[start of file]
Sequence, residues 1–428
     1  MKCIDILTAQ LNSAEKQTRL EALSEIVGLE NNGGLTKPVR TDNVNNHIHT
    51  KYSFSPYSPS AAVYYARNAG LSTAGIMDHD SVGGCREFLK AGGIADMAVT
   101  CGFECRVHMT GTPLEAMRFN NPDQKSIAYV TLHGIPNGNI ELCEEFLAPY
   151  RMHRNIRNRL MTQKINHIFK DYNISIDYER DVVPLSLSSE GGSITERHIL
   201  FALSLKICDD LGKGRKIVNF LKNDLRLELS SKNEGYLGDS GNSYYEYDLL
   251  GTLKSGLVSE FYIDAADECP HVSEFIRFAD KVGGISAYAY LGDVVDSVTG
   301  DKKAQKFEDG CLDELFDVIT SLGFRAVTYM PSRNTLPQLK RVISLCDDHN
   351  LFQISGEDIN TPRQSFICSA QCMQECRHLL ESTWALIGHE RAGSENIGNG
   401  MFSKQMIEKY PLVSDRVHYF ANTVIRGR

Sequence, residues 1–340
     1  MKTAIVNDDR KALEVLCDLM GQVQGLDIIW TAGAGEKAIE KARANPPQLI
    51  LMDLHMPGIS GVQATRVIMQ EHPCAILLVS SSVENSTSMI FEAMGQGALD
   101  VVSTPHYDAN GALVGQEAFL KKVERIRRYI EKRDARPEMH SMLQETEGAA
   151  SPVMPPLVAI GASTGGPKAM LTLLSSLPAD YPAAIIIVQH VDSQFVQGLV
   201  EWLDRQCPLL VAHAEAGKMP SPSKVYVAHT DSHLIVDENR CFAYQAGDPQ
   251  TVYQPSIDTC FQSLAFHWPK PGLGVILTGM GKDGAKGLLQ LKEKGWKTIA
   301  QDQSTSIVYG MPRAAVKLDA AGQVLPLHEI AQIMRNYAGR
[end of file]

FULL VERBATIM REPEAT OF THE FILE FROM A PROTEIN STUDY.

Sequence, residues 1–428
     1  MKCIDILTAQ LNSAEKQTRL EALSEIVGLE NNGGLTKPVR TDNVNNHIHT
    51  KYSFSPYSPS AAVYYARNAG LSTAGIMDHD SVGGCREFLK AGGIADMAVT
   101  CGFECRVHMT GTPLEAMRFN NPDQKSIAYV TLHGIPNGNI ELCEEFLAPY
   151  RMHRNIRNRL MTQKINHIFK DYNISIDYER DVVPLSLSSE GGSITERHIL
   201  FALSLKICDD LGKGRKIVNF LKNDLRLELS SKNEGYLGDS GNSYYEYDLL
   251  GTLKSGLVSE FYIDAADECP HVSEFIRFAD KVGGISAYAY LGDVVDSVTG
   301  DKKAQKFEDG CLDELFDVIT SLGFRAVTYM PSRNTLPQLK RVISLCDDHN
   351  LFQISGEDIN TPRQSFICSA QCMQECRHLL ESTWALIGHE RAGSENIGNG
   401  MFSKQMIEKY PLVSDRVHYF ANTVIRGR

Sequence, residues 1–340
     1  MKTAIVNDDR KALEVLCDLM GQVQGLDIIW TAGAGEKAIE KARANPPQLI
    51  LMDLHMPGIS GVQATRVIMQ EHPCAILLVS SSVENSTSMI FEAMGQGALD
   101  VVSTPHYDAN GALVGQEAFL KKVERIRRYI EKRDARPEMH SMLQETEGAA
   151  SPVMPPLVAI GASTGGPKAM LTLLSSLPAD YPAAIIIVQH VDSQFVQGLV
   201  EWLDRQCPLL VAHAEAGKMP SPSKVYVAHT DSHLIVDENR CFAYQAGDPQ
   251  TVYQPSIDTC FQSLAFHWPK PGLGVILTGM GKDGAKGLLQ LKEKGWKTIA
   301  QDQSTSIVYG MPRAAVKLDA AGQVLPLHEI AQIMRNYAGR